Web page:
Although this site is almost exclusively "Flying Scot" orientated, David Rattray & Co. saw that they couldn't just concentrate on the lightweight and high value bicycles but also on the bread and butter and sold many more ordinary sports & family bicycles at rather more ordinary prices! These include the products of Dawes, Sunbeam and the biggest of them all, Raleigh.
Rattray's also sought to capture some of the everyday sales with their own brand of budget machines - Rattray's 'STAR' Cycles. These were basic machines dressed up not unlike their Flying Scot range, but using less expensive frames and components.
In 1941, John Hamilton, owner of J&A Baxter in Govan and framebuilder of the Baxter 'Star' lightweights was invited to go and work at Rattray's by Jack Smith and to be in charge of their workshop. In 1946, John was allowed to build a few more of his 'Star'' specials using his own transfers he'd brought from the Govan shop. In 1951 however around the same time and before John emigrated to New Zealand, David Rattray & Jack Smith decided that they would use the 'Star' name for a small range of cheaper machines. It was a decision that according to his daughter, didn't rest easy with John - his once acclaimed name for lightweights and part of his head badge - the 'Star' being applied to what were lower spec. models.
Exactly when this range appeared has yet to be discovered, The 'Star' logo wasn't used until after the arrival of John Hamilton in 1941 and certainly Rattray's were advertising the Flying Scot and Star Cycles ranges in club magazines as early as 1946, It was also advertised on the side of their brand new Commer CA van (introduced in 1952).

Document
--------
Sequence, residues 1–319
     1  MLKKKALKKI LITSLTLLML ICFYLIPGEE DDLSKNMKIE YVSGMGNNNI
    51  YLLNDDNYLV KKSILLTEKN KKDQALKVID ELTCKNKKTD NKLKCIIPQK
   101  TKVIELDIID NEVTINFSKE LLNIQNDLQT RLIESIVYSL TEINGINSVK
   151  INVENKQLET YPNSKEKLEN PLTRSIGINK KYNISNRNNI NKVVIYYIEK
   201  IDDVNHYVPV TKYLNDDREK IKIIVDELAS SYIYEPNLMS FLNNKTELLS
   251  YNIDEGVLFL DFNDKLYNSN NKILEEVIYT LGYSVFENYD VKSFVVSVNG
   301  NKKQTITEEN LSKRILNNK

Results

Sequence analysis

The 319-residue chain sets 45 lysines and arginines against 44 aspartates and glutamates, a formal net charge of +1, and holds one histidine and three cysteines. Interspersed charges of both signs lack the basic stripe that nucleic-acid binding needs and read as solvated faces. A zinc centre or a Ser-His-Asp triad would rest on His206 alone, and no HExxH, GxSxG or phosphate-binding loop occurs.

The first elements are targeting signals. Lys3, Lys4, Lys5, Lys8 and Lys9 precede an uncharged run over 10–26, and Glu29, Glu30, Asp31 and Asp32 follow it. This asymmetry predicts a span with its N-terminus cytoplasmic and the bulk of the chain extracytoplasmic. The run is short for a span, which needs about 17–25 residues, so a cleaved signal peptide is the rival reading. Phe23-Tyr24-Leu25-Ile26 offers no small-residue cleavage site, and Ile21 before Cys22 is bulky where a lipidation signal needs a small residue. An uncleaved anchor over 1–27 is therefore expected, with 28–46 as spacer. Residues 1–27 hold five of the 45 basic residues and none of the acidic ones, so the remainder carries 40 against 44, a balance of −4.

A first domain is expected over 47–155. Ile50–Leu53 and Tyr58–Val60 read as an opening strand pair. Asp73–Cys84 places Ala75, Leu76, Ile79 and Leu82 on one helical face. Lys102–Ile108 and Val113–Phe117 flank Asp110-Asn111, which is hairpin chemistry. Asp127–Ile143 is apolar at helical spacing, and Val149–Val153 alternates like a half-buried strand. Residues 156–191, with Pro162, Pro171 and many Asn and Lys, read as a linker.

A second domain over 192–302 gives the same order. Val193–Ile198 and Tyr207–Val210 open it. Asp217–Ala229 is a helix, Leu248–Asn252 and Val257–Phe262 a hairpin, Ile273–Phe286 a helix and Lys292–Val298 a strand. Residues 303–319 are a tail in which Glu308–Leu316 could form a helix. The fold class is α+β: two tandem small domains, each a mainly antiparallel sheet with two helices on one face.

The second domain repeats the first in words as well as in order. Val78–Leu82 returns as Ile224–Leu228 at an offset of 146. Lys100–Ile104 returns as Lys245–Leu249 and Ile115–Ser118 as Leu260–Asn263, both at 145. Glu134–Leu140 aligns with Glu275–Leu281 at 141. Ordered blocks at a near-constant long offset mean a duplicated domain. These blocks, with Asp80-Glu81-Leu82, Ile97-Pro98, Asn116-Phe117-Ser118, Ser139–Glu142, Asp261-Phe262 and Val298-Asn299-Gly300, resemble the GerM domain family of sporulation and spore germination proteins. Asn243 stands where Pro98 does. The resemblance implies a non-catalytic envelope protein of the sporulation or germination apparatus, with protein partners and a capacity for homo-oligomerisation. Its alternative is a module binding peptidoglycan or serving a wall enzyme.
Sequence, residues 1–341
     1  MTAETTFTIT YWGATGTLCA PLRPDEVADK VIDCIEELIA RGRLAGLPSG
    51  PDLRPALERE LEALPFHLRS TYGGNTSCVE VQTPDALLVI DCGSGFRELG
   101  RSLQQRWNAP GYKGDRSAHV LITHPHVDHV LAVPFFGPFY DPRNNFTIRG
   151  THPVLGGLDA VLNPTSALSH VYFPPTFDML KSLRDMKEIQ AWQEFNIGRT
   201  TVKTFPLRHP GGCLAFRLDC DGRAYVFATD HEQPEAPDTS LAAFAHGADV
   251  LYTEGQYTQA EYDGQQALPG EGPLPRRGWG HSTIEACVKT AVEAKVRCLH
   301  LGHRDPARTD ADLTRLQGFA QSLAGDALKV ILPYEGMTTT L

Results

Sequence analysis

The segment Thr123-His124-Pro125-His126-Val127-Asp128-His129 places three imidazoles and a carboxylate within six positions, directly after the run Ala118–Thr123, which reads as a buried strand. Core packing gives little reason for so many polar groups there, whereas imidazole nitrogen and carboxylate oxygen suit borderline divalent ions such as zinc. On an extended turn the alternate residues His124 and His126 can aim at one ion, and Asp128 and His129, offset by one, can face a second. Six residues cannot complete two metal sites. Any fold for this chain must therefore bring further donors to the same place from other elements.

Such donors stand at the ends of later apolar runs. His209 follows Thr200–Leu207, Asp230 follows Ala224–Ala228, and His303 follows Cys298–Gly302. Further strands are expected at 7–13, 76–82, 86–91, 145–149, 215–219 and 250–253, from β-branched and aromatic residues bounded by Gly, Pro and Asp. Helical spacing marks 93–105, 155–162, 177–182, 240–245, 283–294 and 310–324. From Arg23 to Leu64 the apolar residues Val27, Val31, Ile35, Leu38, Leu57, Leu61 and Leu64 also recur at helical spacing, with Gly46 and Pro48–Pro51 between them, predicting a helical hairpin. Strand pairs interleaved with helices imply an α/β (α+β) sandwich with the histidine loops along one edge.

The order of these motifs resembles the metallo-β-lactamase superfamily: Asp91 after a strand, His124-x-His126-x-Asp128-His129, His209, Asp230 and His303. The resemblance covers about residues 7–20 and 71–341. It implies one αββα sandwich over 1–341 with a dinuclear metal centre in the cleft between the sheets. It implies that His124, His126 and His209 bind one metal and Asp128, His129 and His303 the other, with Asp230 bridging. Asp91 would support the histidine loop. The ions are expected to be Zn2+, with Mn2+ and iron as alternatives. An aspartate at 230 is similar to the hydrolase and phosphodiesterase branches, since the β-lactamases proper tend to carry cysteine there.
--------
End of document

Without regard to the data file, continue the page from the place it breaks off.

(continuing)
The "Star" cycles, were not branded "Flying Scot" or "Scot" as such, but used a derivative of the J.& A. Baxter 'Star" logo - replacing the Baxter 'B' with the Rattray's "R" in the centre of the badge, and incorporating this into a badge transfer for the head and down tubes. See this article on John Hamilton & J.A. Baxter).
The conventional bicycles like the ladies frame and the gents upright appear to have had no other branding beyond the "Star" transfers, however the racing bikes appear to have been branded as l'Ecosse models. see this gallery for details of these models.
l'Ecosse Photograph Courtesy of Norman Maver (for further details click here)
Rattray's eventually dropped the range - no doubt pressured by the sales of their largest brand "Raleigh" however I did hear that in later years - perhaps in the late 1950s early 1960s, they did resurrect it for few 'Star' Christmas racing bikes and certainly one frame likely to have been one of those has surfaced fairly recently - see here.
The small version of the Rattray's "Star" logo - the 'R' in the star for want of a better description appeared not only on the
Star Cycles, but occasionally crops up on Flying Scot's as well. It was also used on Flying Scot's at various times after the move to Alexandra Parade on the seat tube, or in some cases on the head tube as part of the David Rattray & Co. shop transfer:
The l'Ecosse model name was also resurrected and used again but this time for the Flying Scot's. It has been said that it was thought that the transfer was applied to later track frames and certainly there are examples of it having been used however in most cases it seems to have been by customer choice and can be found equally on road frames.
For pictures of the other "Star" Cycles models (Courtesy of the Flying Scot Flickr group) see;
Traditional Roadster Frame.
If you can add any more to the story of these machines, then do please get in touch!
Contrary to the general wisdom (and it's understandable given Rattray's choice of name) John Hanilton's concern 'J & A Baxter' was not taken over by Rattray's, it simply closed down as a result of family concerns during the 1941 blitz and John moving to work for David Rattray & Jack Smith in their workshop.